The harmonisation of WHS legislation throughout Australia is
affecting definitions and requirements for the handling of bullying and
A number of jurisdictions have now developed Codes of Practice for preventing and responding to bullying behaviour.
The move towards national bullying laws took a step closer this month
with the document developed by the NSW and Victorian WorkSafe
organisations on the Prevention of Workplace Bullying being adopted as a
Code of Practice in the ACT.
The Code has legal force and can be used by regulators wanting to prosecute.
The ACT's Code of Practice on the prevention of workplace bullying is
an essential tool for helping employers determine whether to deal with
bullying complaints in-house or refer them to an external investigator,
the Territory's Work Safety Commissioner says.
"I think the Code of Practice is absolutely essential; it clarifies
for businesses exactly what they need to do to meet their safety duty in
respect of bullying," says Mark McCabe told OHS Alert.
"In particular, it spells out how to respond to bullying claims when
they arise. Without a Code there's a fair bit of ambiguity about how you
might do that. the Code spells out in what circumstances you might
investigate a case rather than just go to mediation, and it talks about
how you might do that independently."
The Code clarified circumstances that were so serious that "someone
should be held accountable" and mediation would be inadequate" McCabe
He said the Territory would consider replacing its Code of Practice
on the prevention of bullying (which was based on NSW and Victorian
guidance material) with the model national Code of Practice when it was
finalised by Safe Work Australia.
The Code is clear that "setting performance goals, standards and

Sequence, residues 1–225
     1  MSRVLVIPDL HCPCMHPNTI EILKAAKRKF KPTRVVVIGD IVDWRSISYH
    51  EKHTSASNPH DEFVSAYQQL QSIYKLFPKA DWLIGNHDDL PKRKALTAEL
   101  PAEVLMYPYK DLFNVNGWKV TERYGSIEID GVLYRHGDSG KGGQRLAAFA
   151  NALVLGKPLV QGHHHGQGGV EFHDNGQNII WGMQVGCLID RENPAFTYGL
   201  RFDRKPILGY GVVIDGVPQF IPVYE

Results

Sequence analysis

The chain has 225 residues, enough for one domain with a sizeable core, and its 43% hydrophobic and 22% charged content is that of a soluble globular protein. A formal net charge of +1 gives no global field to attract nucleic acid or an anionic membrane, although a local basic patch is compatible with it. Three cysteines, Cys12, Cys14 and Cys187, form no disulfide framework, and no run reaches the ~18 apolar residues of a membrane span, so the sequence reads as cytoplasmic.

deadlines", "implementing organizational changes" and "informing a
worker about unsatisfactory work performance" are not classified as
bullying, although "organizational change" and "negative management
styles" are classified as bullying "risk factors".
Meanwhile, the national Safe Work Australia model Code of Practice
has been a battleground between unions and employer groups. The ACTU
wants single incidents of behaviour able to be classified as bullying
and the right for union representatives to investigate claims of
Employer groups are worried about "systems of work" being classified
as a bullying risk factor as well as the individual perceptions and
biases of investigators dealing with complicated situations.
Employer groups are also concerned about extra costs to employers
associated with investigations, appeals, counselling and mediation, even
when no allegation is proven.
The national Preventing and Responding to Bullying draft model Code
of Practice is currently being revised in line with comment feedback and
it is envisaged that materials will be finalized in the second half of
Mr John Boardman iHR Australia's Director Workplace Relations said
"with the ever increasing incidences of bullying allegations and the
growing risk of legal sanctions, getting your performance management
processes absolutely right, including the training of line managers, is
essential for any business".
Source: http://ihraustralia.net/index.php/news-and-opinion/162-nowhere-to-hide-national-anti-bullying-laws-take-another-step on 27 June 2012